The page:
Every week organizers from the AFL-CIO’s community affiliate — the 3‑million member Working America — knock on doors of about 20,000 households, most of them in predominately white, working-class suburbs.
The people the canvassers meet are not the sort most likely to join an Occupy Wall Street encampment in their home city. But according to Working America Executive Director Karen Nussbaum, they have been quite sympathetic to the message of the protestors — that the rich 1 percent is gaining wealth and power at the expense of the 99 percent — even if not always to the occupiers’ tactics.
Now the challenge for her organization, she says, is to give Working America members a way that’s comfortable for them to express their sentiments over the growing social and economic divide and not let any differences on tactics split OWS and working-class Americans.
Having just returned from three weeks surveying the organization’s work in ten politically critical states, Nussbaum says, “Even the difference between the first week and the last week was really interesting. Occupy Wall Street has unleashed a sense of public possibility that we really didn’t see before.”
Their survey of members showed 51 percent supported Occupy Wall Street protests, while only 16 percent were critical, and 33 percent were neutral or wanted to know more. In one week, partly thanks to a surge in internet sign-ups and increased canvassing, Working America gained 25,000 new members, or four to five times the average. And given the same choices of major issues, corporate responsibility shot up from the bottom to the top of new members’ concerns.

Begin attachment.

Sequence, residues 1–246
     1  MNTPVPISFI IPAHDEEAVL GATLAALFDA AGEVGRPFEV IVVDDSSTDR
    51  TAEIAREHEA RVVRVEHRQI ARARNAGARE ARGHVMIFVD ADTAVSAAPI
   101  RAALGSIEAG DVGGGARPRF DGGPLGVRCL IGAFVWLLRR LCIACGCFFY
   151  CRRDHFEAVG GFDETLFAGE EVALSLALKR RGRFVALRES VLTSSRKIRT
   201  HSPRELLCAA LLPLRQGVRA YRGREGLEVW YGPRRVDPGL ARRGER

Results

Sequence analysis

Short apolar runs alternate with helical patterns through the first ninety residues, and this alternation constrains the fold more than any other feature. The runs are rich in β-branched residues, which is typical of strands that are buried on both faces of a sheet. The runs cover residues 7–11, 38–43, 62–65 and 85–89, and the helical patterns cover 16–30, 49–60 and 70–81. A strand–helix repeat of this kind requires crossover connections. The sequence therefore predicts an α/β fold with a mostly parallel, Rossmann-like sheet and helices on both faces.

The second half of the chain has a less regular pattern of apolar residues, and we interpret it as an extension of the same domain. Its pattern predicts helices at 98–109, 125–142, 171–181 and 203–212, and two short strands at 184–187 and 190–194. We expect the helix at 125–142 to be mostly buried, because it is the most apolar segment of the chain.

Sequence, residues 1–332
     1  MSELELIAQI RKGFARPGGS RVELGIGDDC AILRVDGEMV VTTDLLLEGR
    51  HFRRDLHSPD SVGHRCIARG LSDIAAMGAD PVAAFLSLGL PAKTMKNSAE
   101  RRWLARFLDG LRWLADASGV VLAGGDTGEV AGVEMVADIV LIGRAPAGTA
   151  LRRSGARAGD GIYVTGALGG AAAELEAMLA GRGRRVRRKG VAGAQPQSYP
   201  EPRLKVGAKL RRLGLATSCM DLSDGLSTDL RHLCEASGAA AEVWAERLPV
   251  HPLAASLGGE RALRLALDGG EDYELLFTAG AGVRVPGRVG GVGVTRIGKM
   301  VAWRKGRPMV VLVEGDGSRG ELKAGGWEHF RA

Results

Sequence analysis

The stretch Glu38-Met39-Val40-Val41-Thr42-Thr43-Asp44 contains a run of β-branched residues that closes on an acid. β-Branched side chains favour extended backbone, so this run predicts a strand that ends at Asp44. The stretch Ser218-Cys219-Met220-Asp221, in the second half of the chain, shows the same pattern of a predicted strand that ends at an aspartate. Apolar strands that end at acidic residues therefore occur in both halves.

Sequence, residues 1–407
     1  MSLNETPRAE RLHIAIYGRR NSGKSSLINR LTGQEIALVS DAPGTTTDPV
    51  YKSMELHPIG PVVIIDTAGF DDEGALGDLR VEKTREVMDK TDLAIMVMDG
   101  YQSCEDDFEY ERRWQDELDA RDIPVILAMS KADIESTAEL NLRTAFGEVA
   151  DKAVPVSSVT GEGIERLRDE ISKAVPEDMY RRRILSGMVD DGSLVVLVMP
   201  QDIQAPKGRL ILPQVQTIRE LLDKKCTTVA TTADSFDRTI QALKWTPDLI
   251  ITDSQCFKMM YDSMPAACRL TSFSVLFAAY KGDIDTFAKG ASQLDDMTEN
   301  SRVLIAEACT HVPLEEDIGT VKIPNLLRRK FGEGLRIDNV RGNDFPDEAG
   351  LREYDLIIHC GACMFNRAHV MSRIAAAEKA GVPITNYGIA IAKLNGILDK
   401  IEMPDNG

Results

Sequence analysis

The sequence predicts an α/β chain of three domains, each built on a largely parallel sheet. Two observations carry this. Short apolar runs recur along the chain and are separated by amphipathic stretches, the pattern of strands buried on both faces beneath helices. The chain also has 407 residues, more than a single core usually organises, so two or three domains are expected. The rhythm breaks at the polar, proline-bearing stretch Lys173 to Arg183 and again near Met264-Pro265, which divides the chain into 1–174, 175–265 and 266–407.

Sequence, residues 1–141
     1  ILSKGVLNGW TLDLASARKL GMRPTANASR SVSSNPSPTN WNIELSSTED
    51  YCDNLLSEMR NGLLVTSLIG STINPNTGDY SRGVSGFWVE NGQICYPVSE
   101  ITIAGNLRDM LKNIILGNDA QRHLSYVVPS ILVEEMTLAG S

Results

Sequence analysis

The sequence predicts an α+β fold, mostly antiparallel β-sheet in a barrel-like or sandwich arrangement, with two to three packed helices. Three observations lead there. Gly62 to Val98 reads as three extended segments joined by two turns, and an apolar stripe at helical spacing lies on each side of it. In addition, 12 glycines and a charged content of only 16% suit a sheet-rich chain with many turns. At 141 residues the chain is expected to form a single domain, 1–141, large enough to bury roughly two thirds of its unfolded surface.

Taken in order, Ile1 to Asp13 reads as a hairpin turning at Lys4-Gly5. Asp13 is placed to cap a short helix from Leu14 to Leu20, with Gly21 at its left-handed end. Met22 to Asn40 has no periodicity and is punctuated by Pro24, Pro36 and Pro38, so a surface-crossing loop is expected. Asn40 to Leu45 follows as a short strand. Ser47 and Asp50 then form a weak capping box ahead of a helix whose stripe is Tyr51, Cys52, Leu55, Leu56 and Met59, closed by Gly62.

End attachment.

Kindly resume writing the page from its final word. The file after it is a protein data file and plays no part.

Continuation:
Working America recruits, nearly all of whom have no union at work but support the group’s broad goals, have complained for years about troubled family finances, lack of opportunity, corporate influence in politics and other problems. “There was this growing sense we perceived of social isolation, that there’s nobody they could rely on,” Nussbaum says. “The possibility of social agency or being part of a collective power was declining.” But now three-fourths of members contacted say they are willing to take some action, such as putting up a yard sign focusing on the conflict between the 1 percent and the 99 percent.
The contrast between the fortunes of the 1 and the 99 percent groups has been growing for decades but now becoming more of a public issue. In a recent New York Times survey, for example, two-thirds of those polled believed that wealth in the United States should be more evenly distributed. Only 26 percent thought the current distribution was fair. Two-thirds favor higher taxes on millionaires and object to cutting taxes on corporations. While 69 percent believe Congressional Republican policies favor the rich, 28 percent thought President Obama’s policies favor them (though only 23 percent said the president favored the middle class, 17 percent said the poor, and 21 percent all were treated equally).
The Congressional Budget Office confirmed as well in a report released Tuesday how the 1 percent have prospered dramatically more than everyone else. From 1979 to 2007, the real, after-tax household income of the richest 1 percent increased by 275 percent (nearly quadrupling) while the income of the middle three-fifths grew by less than 40 percent and of the bottom 20 percent by only 18 percent.